Medline ® Abstract for Reference 74
of 'Adjuvant radiation therapy for women with newly diagnosed, non-metastatic breast cancer'
Predictors of locoregional recurrence in patients with locally advanced breast cancer treated with neoadjuvant chemotherapy, mastectomy, and radiotherapy.
Huang EH, Tucker SL, Strom EA, McNeese MD, Kuerer HM, Hortobagyi GN, Buzdar AU, Valero V, Perkins GH, Schechter NR, Hunt KK, Sahin AA, Buchholz TA
Int J Radiat Oncol Biol Phys. 2005 Jun;62(2):351-7.
PURPOSE: To identify the clinical and pathologic factors predictive of locoregional recurrence (LRR) after neoadjuvant chemotherapy, mastectomy, and radiotherapy.
METHODS AND MATERIALS: We retrospectively reviewed the hospital records of 542 patients treated on six consecutive institutional prospective trials using neoadjuvant chemotherapy and postmastectomy radiotherapy. The clinical stage (American Joint Committee on Cancer, 1988) was Stage II in 17%, Stage IIIA in 30%, Stage IIIB in 43%, and Stage IV (ipsilateral supraclavicular disease) in 10%. All LRRs were considered events, irrespective of the timing to distant metastases.
RESULTS: The median follow-up was 70 months. The 5-year and 10-year actuarial LRR rate was 9% and 11%, respectively. The clinical factors associated with LRR included combined clinical stage, clinical T stage, ipsilateral supraclavicular nodal disease, chemotherapy response, physical examination size after chemotherapy, and no tamoxifen use (p<or = 0.04 for all factors). The pathologic predictors of LRR included the number of positive nodes, dissection of<10 nodes, multifocal/multicentric disease, lymphovascular space invasion, extracapsular extension, skin/nipple involvement, and estrogen receptor-negative disease (p<or = 0.05 for all factors). Multivariate Cox regression analysis revealed that five factors independently predicted for LRR: skin/nipple involvement, supraclavicular nodal disease, no tamoxifen use, extracapsular extension, and estrogen receptor-negative disease (hazard ratio, 2.1-2.8; p<or = 0.02 for all factors). The 10-year LRR rate was only 4% for patients with one or none of these five independent factors, 8% for those with two factors, and 28% for those with three or more factors (p<0.0001).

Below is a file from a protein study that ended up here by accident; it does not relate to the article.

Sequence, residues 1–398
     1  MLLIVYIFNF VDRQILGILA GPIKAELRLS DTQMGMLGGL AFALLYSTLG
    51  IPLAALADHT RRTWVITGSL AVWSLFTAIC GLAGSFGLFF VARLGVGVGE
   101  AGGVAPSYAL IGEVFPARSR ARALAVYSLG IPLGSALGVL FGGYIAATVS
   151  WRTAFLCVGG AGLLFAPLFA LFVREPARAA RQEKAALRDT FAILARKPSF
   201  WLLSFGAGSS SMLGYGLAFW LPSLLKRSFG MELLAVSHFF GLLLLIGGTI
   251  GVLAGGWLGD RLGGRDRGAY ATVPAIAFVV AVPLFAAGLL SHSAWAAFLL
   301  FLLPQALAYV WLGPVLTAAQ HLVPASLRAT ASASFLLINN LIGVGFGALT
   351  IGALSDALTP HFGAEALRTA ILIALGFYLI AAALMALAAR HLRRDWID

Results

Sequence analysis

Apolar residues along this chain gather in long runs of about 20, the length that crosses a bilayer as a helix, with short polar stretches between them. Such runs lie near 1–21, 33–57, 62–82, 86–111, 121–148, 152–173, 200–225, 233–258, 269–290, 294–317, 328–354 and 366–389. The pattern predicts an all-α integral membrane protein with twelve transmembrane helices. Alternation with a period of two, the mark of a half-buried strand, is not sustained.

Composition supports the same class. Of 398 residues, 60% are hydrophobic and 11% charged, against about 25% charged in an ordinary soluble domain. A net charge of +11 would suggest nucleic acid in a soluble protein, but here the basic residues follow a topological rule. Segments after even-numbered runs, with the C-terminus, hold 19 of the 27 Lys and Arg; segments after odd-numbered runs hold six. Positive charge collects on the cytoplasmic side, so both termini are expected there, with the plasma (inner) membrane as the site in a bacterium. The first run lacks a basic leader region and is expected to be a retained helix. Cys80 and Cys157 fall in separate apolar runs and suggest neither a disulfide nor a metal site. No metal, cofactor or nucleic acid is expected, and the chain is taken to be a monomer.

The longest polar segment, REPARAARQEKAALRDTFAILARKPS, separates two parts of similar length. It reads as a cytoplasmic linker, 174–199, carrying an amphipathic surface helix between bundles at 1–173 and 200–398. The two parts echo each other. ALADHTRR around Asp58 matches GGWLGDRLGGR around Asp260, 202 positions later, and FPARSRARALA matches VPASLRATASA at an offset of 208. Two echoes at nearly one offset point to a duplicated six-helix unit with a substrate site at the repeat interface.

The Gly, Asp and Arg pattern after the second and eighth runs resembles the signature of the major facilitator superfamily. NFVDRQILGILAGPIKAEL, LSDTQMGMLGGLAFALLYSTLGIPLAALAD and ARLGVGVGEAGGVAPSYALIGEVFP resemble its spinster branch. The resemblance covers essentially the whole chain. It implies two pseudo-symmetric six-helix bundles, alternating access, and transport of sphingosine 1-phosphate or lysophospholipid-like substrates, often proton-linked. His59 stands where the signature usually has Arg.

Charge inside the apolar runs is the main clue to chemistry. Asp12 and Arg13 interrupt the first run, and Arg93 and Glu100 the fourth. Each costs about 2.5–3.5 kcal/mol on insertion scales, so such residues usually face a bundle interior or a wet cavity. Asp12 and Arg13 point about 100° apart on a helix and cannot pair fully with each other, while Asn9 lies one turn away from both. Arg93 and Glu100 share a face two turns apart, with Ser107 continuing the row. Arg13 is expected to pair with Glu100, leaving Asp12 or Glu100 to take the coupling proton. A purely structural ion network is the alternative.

CONCLUSION: Although the long-term rate of LRR after neoadjuvant chemotherapy, mastectomy, and radiotherapy is low, we identified a number of factors that correlated independently with greater rates of LRR. Patients with three or more of these factors may benefit from research protocols investigating alternative treatment strategies.
Department of Radiation Oncology, The University of Texas M. D. Anderson Cancer Center, Houston, TX 77030, USA.